Draymond Green

Dumars explains NBA's decision to indefinitely suspend Draymond

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The NBA announced Wednesday that Warriors forward Draymond Green would be suspended indefinitely for striking Phoenix Suns center Jusuf Nurkić across the face in the previous night's game.

On Thursday morning, NBA executive vice president and head of basketball operations Joe Dumars joined ESPN's "First Take" to explain why the league came to that decision and to share other details about the suspension.

"A lot of times, people get caught up in the number, like 'What's the number?' We didn't want to do that," Dumars said. "What we wanted to do was, we knew there would be some level of punishment, but we didn't want that to be the focus. We wanted the focus to be on how can we help Draymond as well. We thought indefinite was the best way to do that so people don't get caught up on, 'The number, is it too low? Is it too high?'

"Indefinite means get yourself right. We want to see you at your best, and the best way for you to do that is to get yourself mentally and emotionally back to where you need to be."

Green was ejected in the third quarter of Golden State's 119-116 loss to Phoenix after officials assessed him with a Flagrant 2 foul for swinging at Nurkić and striking him across the face during an inbounds play.

Green later emphasized that he didn't intend to hit Nurkić, but rather he was trying to sell a foul call. However, his on-court altercation history and reputation over his 11-year NBA career spoke louder than his words.

Green said Tuesday night that he apologized to Nurkić and reiterated he's "not one to apologize" for things he meant to do. But Dumars said Green's words had "very little" to do with the punishment.

Smith asked Dumars if he believes an indefinite suspension should have been enforced earlier to prevent things from going this far.

"No," Dumars said. "We do what we think is best in the moment. Decisions that we've made over the last 18 months or so, every one of them was deeply discussed internally here. These weren't just quick-snap decisions. You come out with the best decision you can make at that time. So, we really don't go back and look on it."

Green's former teammate, Andre Iguodala, who's now the acting executive director of the National Basketball Players Association, was a part of the decision-making process on the indefinite suspension.

"Andre Iguodala has been exceptional since he stepped into the role" Dumars said. "He was on board with us with this because when I talked to Andre yesterday, it was about Draymond getting better and what we can do together. What we can agree on together. What's best for Draymond at this time, what's best for the Golden State Warriors, what's best for the league office is for him to get better.

"And Andre was on board with that."

Like Iguodala, the Warriors also were on board with the decision. The league spoke to coach Steve Kerr and general manager Mike Dunleavy, and Dumars stated "every single entity" agreed that the indefinite suspension was the right thing to do.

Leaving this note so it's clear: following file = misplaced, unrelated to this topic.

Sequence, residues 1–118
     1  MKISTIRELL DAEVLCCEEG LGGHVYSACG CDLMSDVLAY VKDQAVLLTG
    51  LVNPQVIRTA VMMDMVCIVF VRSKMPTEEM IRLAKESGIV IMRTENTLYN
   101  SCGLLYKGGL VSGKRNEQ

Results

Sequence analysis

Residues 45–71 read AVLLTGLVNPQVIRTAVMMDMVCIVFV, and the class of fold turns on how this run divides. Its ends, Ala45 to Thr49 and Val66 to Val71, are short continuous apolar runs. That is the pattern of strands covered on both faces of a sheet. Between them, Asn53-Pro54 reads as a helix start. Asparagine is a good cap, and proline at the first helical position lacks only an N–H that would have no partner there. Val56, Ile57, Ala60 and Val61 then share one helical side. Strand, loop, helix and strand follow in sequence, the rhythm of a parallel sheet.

After Tuesday night's game at Footprint Center, Nurkić commented on the incident and sent a stern message to Green.

"What's going on with him? I don't know," Nurkić said. "That brother needs help. I'm glad he didn't try and choke me. But at the same time, it had nothing to do with basketball. I'm just out there trying to play basketball and they're out there swinging.

"I think we saw that often. I hope whatever he got in his life, it gets better."

The next day, Nurkić clarified that he still has a lot of respect for Green and has no "hate" or "bad feelings" toward the four-time NBA champion.

Nurkić's Suns teammate, Kevin Durant, who spent four seasons with Green and the Warriors, also weighed in on Tuesday night's events and said he hopes Green gets the help he needs.

"When we see guys say stuff like that, yeah, we see it," Dumars said on Durant and Nurkić's comments. "You look at it, and it kind of confirms what we're saying internally anyway. But it doesn't sway any part of the decision. It's just another factor that we look at.

"This is a fraternity, man. These guys, yeah, they're going to compete, they may get into it, but at the end of the day, this is a fraternity, and these guys want to see the best for other guys."

When asked what Green must do to return to the court, Dumars shared an open-ended response.

"We just want him to go through the process of getting better," Dumars said. "There's no specific, 'Hey, you have to check this box and everything's good.' We want to see him make progress, come back and be the great player that he's been for such a long time with Golden State. And that's where we'll leave it. We're not going to get here and there's a box he has to check, and once he checks that, he's back and everything is good. Take your time and get better.

"We'll be ready when he's ready. I think it will work out. I think this is the best route to take for him. I think the best thing we could have done is not put a number on it."

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